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Intersect Investments Benchmarking

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Intersect Investments Benchmarking


February 13, 2007

Intersect Investments Benchmarking

Organizational change is usually inspired by external factors, and in the case of Intersect Investment Services, the every changing financial market after September 11, 2001 led the company to implement a new overall vision. The company is taking the necessary steps to ensure the successful implementation of its goals. However, a change of this magnitude usually incurs problems, such as resistance to change and communication issues. Intersects leadership is being questioned due to the rising issues which are hindering the implementation of the company's new vision. The following text will briefly examine companies with similar issues to those of Intersect Investment's in relation to the course concepts. This paper will also provide an overall analysis of the benchmark companies' experiences as they apply to the situation at Intersect Investment Services.

John Hoffler - Individual Research, Procter and Gamble

When Alan Lafley was promoted to CEO of Procter and Gamble in 2000, he took over a company with shrinking market share and slowing earnings growth (Markels, 2006, para. 4). Procter and Gamble's corporate culture focused on how to "gain another half a share point and another half a margin point" (Lafley, 2006, para. 5). Lafley's predecessor, Durk Jager, had tried to change the Procter and Gamble's insular culture through reorganizations. Jager also tried to recover market share by investing research and development funds into dozens of new products. However, the result was "sinking morale, escalating costs, and an earnings shortfall" (Markels, 2006, para. 5) that significantly depressed the company's share price.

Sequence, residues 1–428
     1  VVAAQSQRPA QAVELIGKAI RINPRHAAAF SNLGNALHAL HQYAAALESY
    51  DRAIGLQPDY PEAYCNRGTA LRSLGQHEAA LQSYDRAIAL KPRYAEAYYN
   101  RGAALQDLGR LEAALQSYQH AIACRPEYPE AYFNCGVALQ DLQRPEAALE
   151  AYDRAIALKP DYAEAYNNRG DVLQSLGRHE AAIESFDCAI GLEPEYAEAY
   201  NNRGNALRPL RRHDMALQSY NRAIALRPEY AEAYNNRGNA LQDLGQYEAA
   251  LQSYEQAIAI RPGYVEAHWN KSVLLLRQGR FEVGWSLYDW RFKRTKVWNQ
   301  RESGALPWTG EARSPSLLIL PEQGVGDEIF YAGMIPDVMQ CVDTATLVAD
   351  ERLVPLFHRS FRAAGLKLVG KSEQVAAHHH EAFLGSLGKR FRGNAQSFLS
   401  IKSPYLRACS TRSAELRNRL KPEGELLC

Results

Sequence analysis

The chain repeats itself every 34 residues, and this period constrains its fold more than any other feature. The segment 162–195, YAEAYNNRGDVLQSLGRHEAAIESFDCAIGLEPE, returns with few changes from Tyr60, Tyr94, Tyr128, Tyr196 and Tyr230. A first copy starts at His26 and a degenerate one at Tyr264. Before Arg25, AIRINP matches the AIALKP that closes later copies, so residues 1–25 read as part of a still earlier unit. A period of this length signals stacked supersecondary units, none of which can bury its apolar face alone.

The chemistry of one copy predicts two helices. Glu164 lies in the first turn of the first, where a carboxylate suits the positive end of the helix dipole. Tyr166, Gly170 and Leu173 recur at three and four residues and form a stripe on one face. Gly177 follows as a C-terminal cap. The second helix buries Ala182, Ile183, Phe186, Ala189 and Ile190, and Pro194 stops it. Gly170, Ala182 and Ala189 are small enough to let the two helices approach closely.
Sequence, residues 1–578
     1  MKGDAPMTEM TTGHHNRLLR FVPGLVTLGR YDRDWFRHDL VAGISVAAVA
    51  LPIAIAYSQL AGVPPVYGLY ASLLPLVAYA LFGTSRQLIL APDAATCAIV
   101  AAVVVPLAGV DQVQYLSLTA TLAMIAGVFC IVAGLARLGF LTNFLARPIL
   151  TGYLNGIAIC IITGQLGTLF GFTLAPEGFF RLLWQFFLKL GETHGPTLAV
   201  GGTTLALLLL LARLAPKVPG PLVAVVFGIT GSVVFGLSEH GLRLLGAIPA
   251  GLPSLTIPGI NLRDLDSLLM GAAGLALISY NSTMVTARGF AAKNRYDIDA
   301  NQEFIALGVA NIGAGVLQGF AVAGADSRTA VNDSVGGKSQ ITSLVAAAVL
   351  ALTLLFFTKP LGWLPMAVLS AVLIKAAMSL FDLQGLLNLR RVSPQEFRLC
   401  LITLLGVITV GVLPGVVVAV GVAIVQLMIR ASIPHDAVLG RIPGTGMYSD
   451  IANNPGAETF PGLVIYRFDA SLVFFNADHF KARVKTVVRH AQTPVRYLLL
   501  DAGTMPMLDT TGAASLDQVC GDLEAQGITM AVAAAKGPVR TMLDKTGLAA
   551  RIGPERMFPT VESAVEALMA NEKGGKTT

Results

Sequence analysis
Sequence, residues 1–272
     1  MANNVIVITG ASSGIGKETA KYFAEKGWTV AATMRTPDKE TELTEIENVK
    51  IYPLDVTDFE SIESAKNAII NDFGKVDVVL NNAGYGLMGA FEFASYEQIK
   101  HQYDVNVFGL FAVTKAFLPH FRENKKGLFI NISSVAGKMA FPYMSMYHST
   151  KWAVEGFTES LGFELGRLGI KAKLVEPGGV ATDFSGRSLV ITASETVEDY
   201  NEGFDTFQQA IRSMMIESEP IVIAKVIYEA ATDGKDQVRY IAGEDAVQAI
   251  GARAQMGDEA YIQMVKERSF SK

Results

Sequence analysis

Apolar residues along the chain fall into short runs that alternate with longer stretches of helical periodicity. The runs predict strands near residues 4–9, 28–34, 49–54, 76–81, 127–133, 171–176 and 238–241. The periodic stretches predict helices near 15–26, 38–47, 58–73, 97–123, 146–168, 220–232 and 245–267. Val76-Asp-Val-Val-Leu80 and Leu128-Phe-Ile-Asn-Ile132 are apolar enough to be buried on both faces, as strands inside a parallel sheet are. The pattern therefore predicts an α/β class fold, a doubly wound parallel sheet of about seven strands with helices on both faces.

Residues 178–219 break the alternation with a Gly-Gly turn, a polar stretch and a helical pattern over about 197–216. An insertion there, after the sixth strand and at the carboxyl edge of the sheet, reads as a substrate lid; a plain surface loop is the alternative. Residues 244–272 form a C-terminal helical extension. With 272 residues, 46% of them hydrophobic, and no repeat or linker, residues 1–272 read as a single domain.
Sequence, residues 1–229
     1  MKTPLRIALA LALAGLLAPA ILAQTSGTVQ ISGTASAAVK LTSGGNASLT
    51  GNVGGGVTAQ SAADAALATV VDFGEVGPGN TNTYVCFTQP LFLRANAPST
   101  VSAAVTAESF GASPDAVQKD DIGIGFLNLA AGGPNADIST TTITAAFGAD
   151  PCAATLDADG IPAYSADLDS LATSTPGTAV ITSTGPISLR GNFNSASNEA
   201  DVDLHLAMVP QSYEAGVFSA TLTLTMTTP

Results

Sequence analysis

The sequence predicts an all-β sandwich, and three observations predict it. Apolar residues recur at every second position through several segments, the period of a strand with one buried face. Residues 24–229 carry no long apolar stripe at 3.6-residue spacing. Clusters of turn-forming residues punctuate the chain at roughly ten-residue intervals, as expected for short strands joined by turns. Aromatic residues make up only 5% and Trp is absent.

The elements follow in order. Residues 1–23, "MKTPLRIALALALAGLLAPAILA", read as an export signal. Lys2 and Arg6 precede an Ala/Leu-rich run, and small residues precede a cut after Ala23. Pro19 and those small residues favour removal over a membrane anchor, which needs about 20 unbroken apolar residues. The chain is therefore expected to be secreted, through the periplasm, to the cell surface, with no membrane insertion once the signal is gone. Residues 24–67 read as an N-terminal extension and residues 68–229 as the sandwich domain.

Lafley refocused Procter and Gamble around a saying, "the customer is boss" (Lafley, 2006, para.16). According to Lafley:

[T]here are two moments of truth - when consumers make their purchase decision, and when they use the product. If they're delighted at the second moment of truth, they'll repurchase our brands and use our products regularly. (Lafley, 2006, para. 16)

Continuing his focus on the consumer, Lafley defined the core businesses that would receive the majority of Procter and Gamble's attention. He established objective criteria regarding global industry leadership, growth rate, and cash flow return on investment so everyone in the company understood what was necessary to become a core business.

Lafley believed that Procter and Gamble was over-emphasizing traditional product research and development, pushing technology into the market rather than responding to consumer needs. He sought to obtain half of Procter and Gamble's new product ideas from outside the company. To get buy-in from Procter and Gamble scientists, Lafley and the Chief Technology Officer had a series of meetings with the scientists. Among the results of these meetings was a new "plan to reward employees regardless of where a new product idea originates-particularly because outside ideas often get to market faster" (Markels, 2006, para. 23).